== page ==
The Biden administration’s forthcoming national security strategy will consider China to be the most likely nation to become embroiled in an armed conflict with the United States, according to one expert.
China’s size and global reach, however, means that the United States’ strategy of the last 30 years, to contain competitors and deny them objectives, is declining in efficacy.
“That denial approach is a very handy way to try to deter someone, but it really only works when you’re the predominant military power,” said Bryan Clark, a senior fellow at the Hudson Institute, a Washington-based think tank, during a recent interview with EpochTV’s “China Insider” program.
“The U.S. got used to that [idea] in the post-Cold War period, of being the biggest kid on the block.”
Clark’s comments followed the release of a factsheet by the Pentagon that outlined the new national defense strategy, a document that complements the forthcoming national security strategy. The sheet acknowledged the Chinese communist regime as the foremost strategic priority facing the United States, and outlined how the Biden administration may try to phase out some elements of that strategy of denial.
“The factsheet says the strategy is essentially going to walk away from that idea of denial and punishment as being the tools for deterrence,” Clark said.
“Instead, [it will] look at this integrated set of tools, you know, economic tools, diplomatic tools, information tools, military tools, that they’re going to try to orchestrate together through this campaign effort.”
Clark said that the new strategy was designed to keep China’s communist leadership off balance, and to prevent them from becoming embroiled in an armed conflict with the United States, even as U.S. leadership recognizes China as the “pacing threat” to America.
“The ‘pacing threat’ language is really intended to drive the requirements process which DoD uses for defense planning,” Clark said.
“It’s supposed to signify that China has the most capable military out there. So that’s what the U.S. should be preparing for … It also means that China is probably the most likely or nearly the most likely threat the U.S. may face in a military confrontation.”
That scenario planning will be used to drive the equipment requirements of each branch of the military from aircraft to naval vessels, as well as increasingly necessary upgrades to space-based systems.
The increasingly antagonistic competition between the United States and China has been described as a “new Cold War,” and assessments by the intelligence community continuously identify China as the leading threat to the United States across military, economic, and diplomatic spheres.
Compounding the complexity of the strategic situation is the Chinese regime’s partnership with Russia, which national intelligence leaders have warned will only deepen in the coming years—A projection that experts say will thrust the United States into the unprecedented position of having to contend with two nuclear near-peers at the same time.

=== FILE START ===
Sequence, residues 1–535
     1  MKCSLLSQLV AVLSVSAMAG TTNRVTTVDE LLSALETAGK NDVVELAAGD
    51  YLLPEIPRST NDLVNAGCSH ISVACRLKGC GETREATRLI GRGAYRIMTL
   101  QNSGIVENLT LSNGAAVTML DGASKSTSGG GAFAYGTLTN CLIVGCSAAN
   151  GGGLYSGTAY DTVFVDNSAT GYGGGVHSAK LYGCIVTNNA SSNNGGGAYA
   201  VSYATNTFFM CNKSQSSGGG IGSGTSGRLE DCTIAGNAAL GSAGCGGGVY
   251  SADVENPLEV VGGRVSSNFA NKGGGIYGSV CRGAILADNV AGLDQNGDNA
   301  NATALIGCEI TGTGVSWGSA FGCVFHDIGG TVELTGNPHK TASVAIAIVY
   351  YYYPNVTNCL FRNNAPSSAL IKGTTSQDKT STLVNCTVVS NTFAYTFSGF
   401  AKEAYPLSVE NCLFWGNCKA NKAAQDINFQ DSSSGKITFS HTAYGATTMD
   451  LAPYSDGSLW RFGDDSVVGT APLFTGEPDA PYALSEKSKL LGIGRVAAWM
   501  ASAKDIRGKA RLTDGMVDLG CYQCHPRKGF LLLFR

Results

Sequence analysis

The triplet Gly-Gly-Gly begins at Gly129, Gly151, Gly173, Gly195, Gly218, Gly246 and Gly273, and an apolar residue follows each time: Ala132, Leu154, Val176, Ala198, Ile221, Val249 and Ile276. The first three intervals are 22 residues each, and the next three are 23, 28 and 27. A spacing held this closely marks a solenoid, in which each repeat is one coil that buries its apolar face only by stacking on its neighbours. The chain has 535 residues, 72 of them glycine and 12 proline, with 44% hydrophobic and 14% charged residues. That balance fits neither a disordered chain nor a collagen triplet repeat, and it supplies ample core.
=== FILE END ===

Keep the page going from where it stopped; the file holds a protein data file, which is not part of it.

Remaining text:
Relatedly, contending with such an immense threat leaves little room for deterring smaller, regional threats around the globe.
While many may like to believe that, by focusing on conflict with the Chinese military, the U.S. would effectively also be preparing for conflict with smaller nations such as Iran, Clark said that this is not the case.
According to Clark, while the United States may develop the capabilities to fight smaller adversaries, dealing with China would have wide-reaching consequences for the very real problem of deployment.
Simply put, if the U.S. military is deployed to deal with all-out confrontation in the Indo-Pacific, it will not have the necessary resources present in other regions of the world to respond to emergent conflicts and crises.
For this reason, the Biden administration’s new strategy will likely leverage increased ties with allies and partners to make up for the loss of American presence in other theaters.
“The U.S. military will lack the capacity to maybe be as involved in places like the Middle East or in Europe, as they have been in the past,” Clark said.
“[We’ve] already seen an effort on the part of the United States to sort of shift some of that burden to Gulf allies, and to European allies and NATO, which would allow the U.S. to focus more of its remaining capacity on places like the South China Sea and East China Sea.”
The point demonstrated the difficulty that the United States is having in responding to China as a global, rather than a regional threat, and comes amid numerous emergent crises related to the Chinese regime’s global ambitions such as its expanding footprint in South America and continued espionage efforts in the United States.
In all, Clark was hopeful that U.S. leadership was coming to understand the depth of the threat posed by China’s communist government, but worried that such understanding was not yet being realized in the administration’s strategic framework.
“When you talk to folks in the Department of Defense, they understand and they describe China as being this global challenge now,” Clark said. “But they really haven’t figured out how to operationalize that.”